It has been a while since Canadian communications scholar Marshall McLuhan ignited the North American educational movement for media literacy in the 1950s and 1960s.
That was before every child, even from a very young age, had immediate access to everything and anything available in the world of digital media.
Since that time, it has become challenging, especially among younger generations, to separate digital media fact from fiction, truth from lies and reality from improbability.
Now UNESCO has investigated which countries were incorporating media studies into schools’ curricula as a means of identifying and developing new initiatives in the field of media education. Relying on 72 experts on media education in 52 countries around the world, the study found that media or digital literacy programs usually occur inside the context of formal K-12 education rather than as standalone courses.
Canada was the first country in North America to require media literacy in the school curriculum. Every province now has mandated media education in its curriculum, usually integrated with curricular subjects.
The B.C. Ministry of Education and Child Care defines digital literacy as “the interest, attitude and ability of individuals to appropriately use digital technology and communication tools to access, manage, integrate, analyze and evaluate information, construct new knowledge, create and communicate with others.”
In the U.S. in January, New Jersey Governor Phil Murphy signed a law that requires all children in K-12 public schools to be taught media literacy. Classrooms around the country might teach these concepts informally, but this is the first time a state has implemented this kind of mandate.
Along with many other U.S. states that are pushing back against the tsunami of misinformation online, California will now require all K-12 students to learn media literacy skills — such as recognizing fake news and thinking critically about what they encounter on the internet.
Last month, California Governor Gavin Newsom signed Assembly Bill 873, which requires the state to add media literacy to curriculum frameworks for English language arts, science, math and history-social studies.
The new law comes amid rising public distrust in traditional media, especially among young people.
A 2022 Pew Research Center survey found that adults under age 30 are almost as likely to believe news derived from social media as they are to trust news from national news outlets. According to a Gallup poll conducted last year, only 7% of adults have a great deal of trust in traditional news sources.
Predictably, the academic community now regularly publishes research in publications such as the Journal of Media Literacy Education along with many other similar peer-reviewed journals. In fact, Wikipedia cites 71 different research articles on media literacy.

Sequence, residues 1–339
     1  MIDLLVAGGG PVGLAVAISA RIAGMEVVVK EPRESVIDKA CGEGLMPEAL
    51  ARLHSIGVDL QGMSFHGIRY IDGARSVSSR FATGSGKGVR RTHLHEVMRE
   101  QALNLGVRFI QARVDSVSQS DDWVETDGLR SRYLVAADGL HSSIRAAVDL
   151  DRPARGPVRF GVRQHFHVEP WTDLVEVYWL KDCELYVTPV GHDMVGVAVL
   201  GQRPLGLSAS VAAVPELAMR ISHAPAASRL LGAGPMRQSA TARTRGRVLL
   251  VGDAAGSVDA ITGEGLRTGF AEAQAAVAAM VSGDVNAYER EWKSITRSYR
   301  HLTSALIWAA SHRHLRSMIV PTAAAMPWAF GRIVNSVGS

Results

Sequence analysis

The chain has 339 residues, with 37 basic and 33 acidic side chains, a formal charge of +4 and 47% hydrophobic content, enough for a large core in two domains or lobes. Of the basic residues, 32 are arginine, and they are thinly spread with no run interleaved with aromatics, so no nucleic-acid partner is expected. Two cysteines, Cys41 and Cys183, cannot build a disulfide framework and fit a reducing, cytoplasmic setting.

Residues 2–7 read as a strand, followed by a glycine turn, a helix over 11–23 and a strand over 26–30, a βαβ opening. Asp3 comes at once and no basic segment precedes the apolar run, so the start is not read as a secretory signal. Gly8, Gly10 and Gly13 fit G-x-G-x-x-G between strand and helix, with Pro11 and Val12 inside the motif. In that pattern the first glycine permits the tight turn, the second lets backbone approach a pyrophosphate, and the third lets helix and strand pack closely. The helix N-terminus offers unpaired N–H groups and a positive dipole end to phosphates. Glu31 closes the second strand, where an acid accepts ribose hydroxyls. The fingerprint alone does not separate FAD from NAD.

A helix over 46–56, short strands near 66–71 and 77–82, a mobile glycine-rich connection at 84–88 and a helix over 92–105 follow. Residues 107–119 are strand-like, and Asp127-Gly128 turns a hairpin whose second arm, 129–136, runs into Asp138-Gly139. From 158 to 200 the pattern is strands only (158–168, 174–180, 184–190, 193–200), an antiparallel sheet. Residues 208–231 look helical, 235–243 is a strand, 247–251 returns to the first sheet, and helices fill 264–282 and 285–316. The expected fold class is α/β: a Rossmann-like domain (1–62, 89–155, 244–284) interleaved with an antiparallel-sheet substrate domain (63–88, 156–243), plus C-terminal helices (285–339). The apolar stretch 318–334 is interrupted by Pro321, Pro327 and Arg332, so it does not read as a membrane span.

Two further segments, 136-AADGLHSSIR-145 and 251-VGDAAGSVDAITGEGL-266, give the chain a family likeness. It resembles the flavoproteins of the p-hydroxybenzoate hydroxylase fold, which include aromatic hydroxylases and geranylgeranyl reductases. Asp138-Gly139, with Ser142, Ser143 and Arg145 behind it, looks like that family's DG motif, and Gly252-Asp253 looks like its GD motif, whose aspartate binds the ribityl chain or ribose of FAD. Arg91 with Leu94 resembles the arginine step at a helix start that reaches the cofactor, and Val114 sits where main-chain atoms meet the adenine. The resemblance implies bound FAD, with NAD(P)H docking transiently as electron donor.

Another source of well-researched articles is the online Media Literacy Now site, run by an influential non-profit advocacy organization whose self-described mission is to ensure all students have the opportunity to learn the key 21st-century literacy skills they need.
Writing for Media Literacy Now, communications specialist Jasmin Franjul identifies cyberbullying, online radicalization gaming and sextortion, as being just some of the many online pitfalls for kids.
In addition, she says, “there are physiological and neurological effects we are only beginning to understand.”
The confusing nature of information available online is especially challenging for teenagers.
A Stanford study found that 82% of middle school students struggled to distinguish advertisements from news stories.
On the plus side, research on high school students has shown that participation in a media-literacy program was positively associated with clarifying information-seeking motives, media knowledge, critical thinking skills and news analysis skills.
For early-childhood teachers and for the parents of preschool children, Media Literacy for Young Children: Teaching Beyond the Screen Time Debates by Faith Rogow outlines how early-childhood educators and professionals can prepare children for their digital future.
Rogow’s book is described by the National Association for the Education of Young Children as a “first-of-its-kind guide for pre-service and currently practising teachers and child-care professionals looking for pedagogically sound and developmentally appropriate ways to help today’s children navigate their media-rich world with confidence, curiosity, and critical thinking.”
It includes, according to NAEYC, “detailed descriptions of media literacy competencies, along with dozens of activities, strategies, and tips designed for children ages 2–7, demonstrate how to integrate foundational skills, knowledge, and dispositions into existing routines as well as experiment with new lessons.”
As far as predictions about the long-term influence of media on our lives and the lives of our children, McLuhan said it best: “All media work us over completely. They are so persuasive in their personal, political, economic, esthetic, psychological, moral ethical and social consequences that they leave no part of us untouched, unaffected, unaltered.”
Geoff Johnson is a former superintendent of schools.